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Can Phil Schiller Keep Apple Cool?

Phil Schiller takes charge of defining products and marketing that inspire devotion
Schiller serves as comic relief while Jobs demos video chat features
Schiller serves as comic relief while Jobs demos video chat featuresPhotograph by Robyn Beck/AFP/Getty Images

Steve Jobs always oversaw Apple’s blockbuster product launches, but he was never a one-man show. Phil Schiller, the company’s longtime senior vice president of product marketing, often hammed it up onstage as the lower-brow counterweight to Apple’s cool, polished chief executive officer. In 1999, Schiller jumped off a 15-foot platform to show off Apple’s new iBook. In 2007, he demoed new videoconferencing features by superimposing his mouth on a photo of Steve Ballmer. “I love my Mac!” Schiller had the Microsoft chief declare.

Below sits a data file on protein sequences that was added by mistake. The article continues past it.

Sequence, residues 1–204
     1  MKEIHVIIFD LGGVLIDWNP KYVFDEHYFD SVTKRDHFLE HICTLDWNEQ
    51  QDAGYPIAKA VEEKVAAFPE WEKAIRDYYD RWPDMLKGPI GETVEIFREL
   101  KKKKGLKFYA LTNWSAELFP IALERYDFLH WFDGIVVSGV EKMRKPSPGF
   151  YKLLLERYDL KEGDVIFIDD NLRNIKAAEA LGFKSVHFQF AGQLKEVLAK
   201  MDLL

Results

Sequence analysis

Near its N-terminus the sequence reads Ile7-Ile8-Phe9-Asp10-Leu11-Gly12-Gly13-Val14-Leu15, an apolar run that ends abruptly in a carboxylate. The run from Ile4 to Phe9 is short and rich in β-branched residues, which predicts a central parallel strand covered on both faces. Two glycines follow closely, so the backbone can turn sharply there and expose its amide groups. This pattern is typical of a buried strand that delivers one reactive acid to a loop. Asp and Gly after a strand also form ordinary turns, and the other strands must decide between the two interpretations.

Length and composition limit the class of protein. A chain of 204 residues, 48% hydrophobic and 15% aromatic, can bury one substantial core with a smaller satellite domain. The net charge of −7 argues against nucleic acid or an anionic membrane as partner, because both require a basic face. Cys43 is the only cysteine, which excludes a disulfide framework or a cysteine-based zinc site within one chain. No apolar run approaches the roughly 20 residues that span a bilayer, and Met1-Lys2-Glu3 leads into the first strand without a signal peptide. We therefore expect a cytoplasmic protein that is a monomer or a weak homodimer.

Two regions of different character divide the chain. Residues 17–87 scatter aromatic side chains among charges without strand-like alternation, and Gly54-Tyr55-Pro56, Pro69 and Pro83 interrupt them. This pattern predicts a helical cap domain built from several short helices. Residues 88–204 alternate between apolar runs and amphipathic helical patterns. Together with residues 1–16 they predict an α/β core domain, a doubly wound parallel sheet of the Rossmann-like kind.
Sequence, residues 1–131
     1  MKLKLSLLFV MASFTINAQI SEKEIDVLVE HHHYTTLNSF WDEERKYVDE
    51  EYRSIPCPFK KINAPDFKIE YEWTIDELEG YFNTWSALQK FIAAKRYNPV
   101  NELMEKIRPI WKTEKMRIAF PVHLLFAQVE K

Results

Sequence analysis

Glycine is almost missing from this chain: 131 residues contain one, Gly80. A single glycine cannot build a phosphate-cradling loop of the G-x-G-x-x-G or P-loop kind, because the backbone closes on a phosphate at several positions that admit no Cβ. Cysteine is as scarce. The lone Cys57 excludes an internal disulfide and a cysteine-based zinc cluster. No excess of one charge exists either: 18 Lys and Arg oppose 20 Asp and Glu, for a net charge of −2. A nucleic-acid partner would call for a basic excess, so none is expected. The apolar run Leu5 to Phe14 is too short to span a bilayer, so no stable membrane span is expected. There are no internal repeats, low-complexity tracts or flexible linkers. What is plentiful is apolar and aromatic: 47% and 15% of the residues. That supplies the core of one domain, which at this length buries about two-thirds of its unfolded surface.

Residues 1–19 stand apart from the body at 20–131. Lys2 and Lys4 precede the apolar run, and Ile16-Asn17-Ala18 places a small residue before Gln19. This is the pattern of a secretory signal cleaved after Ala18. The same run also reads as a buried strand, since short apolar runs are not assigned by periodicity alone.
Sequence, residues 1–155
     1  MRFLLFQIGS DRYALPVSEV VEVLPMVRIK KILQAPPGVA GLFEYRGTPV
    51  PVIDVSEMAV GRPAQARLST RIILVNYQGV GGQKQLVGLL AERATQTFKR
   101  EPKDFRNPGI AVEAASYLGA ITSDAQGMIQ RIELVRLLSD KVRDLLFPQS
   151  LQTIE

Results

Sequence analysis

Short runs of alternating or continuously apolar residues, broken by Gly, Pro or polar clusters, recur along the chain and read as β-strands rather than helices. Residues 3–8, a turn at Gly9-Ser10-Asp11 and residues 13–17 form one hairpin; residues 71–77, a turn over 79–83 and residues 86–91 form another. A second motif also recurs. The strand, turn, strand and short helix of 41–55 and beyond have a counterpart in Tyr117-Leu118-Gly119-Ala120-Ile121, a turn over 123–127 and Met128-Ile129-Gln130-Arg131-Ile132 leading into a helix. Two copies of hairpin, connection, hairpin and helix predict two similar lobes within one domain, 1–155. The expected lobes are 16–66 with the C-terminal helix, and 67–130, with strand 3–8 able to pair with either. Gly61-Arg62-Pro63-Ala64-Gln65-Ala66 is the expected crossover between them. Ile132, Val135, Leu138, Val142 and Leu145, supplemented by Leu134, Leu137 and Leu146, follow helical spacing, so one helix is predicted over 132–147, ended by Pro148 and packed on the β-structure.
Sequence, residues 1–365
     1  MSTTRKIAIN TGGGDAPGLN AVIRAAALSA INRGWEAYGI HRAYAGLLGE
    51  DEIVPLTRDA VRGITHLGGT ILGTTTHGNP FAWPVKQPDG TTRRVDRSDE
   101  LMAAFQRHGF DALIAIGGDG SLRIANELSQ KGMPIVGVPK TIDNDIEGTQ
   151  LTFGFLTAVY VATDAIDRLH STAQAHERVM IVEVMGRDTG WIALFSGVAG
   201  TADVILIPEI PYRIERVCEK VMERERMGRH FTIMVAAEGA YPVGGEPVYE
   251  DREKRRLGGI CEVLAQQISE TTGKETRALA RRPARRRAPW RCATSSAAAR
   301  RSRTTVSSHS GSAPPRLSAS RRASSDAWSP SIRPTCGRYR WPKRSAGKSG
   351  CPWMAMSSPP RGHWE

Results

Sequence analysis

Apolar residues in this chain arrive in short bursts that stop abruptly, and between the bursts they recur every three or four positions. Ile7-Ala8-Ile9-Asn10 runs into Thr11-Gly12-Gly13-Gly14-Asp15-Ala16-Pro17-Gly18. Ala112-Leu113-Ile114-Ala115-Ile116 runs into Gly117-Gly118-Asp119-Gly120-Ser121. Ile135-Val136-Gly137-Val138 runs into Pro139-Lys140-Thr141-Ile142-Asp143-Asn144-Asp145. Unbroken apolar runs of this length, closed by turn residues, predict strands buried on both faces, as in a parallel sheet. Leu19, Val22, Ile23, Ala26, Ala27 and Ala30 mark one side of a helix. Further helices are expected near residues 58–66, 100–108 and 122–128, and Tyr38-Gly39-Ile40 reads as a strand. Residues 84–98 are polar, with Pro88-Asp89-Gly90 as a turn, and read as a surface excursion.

Offstage, Schiller wasn’t a clown but one of Jobs’s most trusted, influential lieutenants. He helped Apple’s late CEO work through the meat-and-potatoes of creating new products: Defining target markets, determining technical specs, setting prices. It was Schiller who came up with the spin-wheel interface on the original iPod, and he was a champion of the iPad when other executives questioned its potential. “Because Phil’s title is marketing, people believe he’s focused on what’s on the billboards,” says Gene Munster, an analyst with Piper Jaffray. “He’s much more important than people give him credit for.”